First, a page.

Anti-abortion group arrested outside NC clinic during stay-home order. Now it’s suing

Anti-abortion group arrested outside NC clinic during stay-home order. Now it’s suing
Daniel Parks, Executive Director of Cities4Life offers information to a driver as they leave A Preferred Women's Health Center on Latrobe Drive in Charlotte, NC on Tuesday, March 31, 2020. Leaders of the center are upset by the continued presence of sidewalk counselors outside their abortion clinic despite stay home orders from the county and state. (Source: Jeff Siner)

CHARLOTTE, N.C. (Hayley Fowler/The Charlotte Observer) - Anti-abortion advocates were arrested outside a North Carolina abortion clinic on two separate occasions for violating a stay-at-home order during the coronavirus pandemic.

The group now says its constitutional rights were violated.

Love Life — a Charlotte-based religious group that opposes abortion — said its members were praying and ministering outside A Woman’s Choice abortion clinic in Greensboro at the end of March when police arrived, according to a lawsuit filed in federal court Tuesday.

Several were arrested and charged with “travel[ing] for a non-essential function,” the complaint states.

“The government can’t allow some people to walk and talk on sidewalks and then say that these pro-life citizens can’t walk and pray there,” attorney Denise Harle said in a news release. “This was never about public health and safety; it was about the government silencing people because it doesn’t like what they have to say.”

Love Life is suing the city of Greensboro and Guilford County for allegedly violating the First Amendment. They’re represented by the conservative Christian nonprofit Alliance Defending Freedom, where Harle is senior counsel.

Representatives for the city and county didn’t immediately respond to a request for comment from McClatchy News.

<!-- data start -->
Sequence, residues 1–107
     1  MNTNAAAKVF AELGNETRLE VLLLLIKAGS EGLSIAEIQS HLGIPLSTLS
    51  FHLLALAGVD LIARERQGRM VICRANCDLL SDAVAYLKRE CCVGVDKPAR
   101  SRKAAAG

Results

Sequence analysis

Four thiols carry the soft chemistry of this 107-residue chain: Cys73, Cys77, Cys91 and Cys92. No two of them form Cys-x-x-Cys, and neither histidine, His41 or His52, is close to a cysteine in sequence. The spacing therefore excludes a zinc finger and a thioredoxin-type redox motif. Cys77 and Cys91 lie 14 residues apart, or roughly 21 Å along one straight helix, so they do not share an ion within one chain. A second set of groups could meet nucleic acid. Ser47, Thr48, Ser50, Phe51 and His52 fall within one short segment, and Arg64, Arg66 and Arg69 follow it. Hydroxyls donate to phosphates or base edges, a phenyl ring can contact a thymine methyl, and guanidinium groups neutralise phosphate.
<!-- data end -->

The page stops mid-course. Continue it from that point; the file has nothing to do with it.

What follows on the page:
According to the complaint, Love Live is a “faith-based” nonprofit that partners with North Carolina churches to provide counseling and services to women facing an unplanned pregnancy.

Members of the group were arrested April 4 in Charlotte for protesting at a different abortion clinic, The Charlotte Observer reported. U.S. Sen. Ted Cruz of Texas criticized the Charlotte-Mecklenburg Police Department in a tweet later that day, calling their arrests unconstitutional.

Counsel for Love Life echoed that argument in Tuesday’s lawsuit.

Guilford County, in agreement with the city of Greensboro, instituted a stay-at-home order on March 27 limiting non-essential travel. Gatherings of more than 10 people and church services are banned under the order, but outdoor activities such as walking, biking and hiking are permitted.

According to the complaint, that provision was later amended to expressly define outdoor activities as “outside exercise and/or recreational activity.”

“It does not include outside activity for other purposes,” the amended order states.

Love Life staff members, the group’s legal counsel and several pastors were outside the Greensboro abortion clinic on March 28 and 30 when they were cited and — in some cases — arrested by the Greensboro Police Department, the lawsuit states.

They were warned by police again on April 4, according to the complaint.

Officers reportedly said they were “travel[ing] for a non-essential function[/purpose]” and otherwise acting “outside the realm of the stay-at-home order.”

“LOVE LIFE is an ‘Organization that provides charitable and social services’ and therefore, pursuant to several provisions of the Guilford County proclamation, not to mention the Constitution, LOVE LIFE is expressly permitted to continue prayer and ministry,” the group said on Facebook in response.

Attorneys for Love Life said officials’ interpretation of the stay-at-home order violates the group’s constitutional rights under the First Amendment.

“If abortion businesses can stay open to perform elective abortions during the pandemic, Christians who abide by health and safety guidelines should certainly be allowed to pray outside,” Harle said in the news release.

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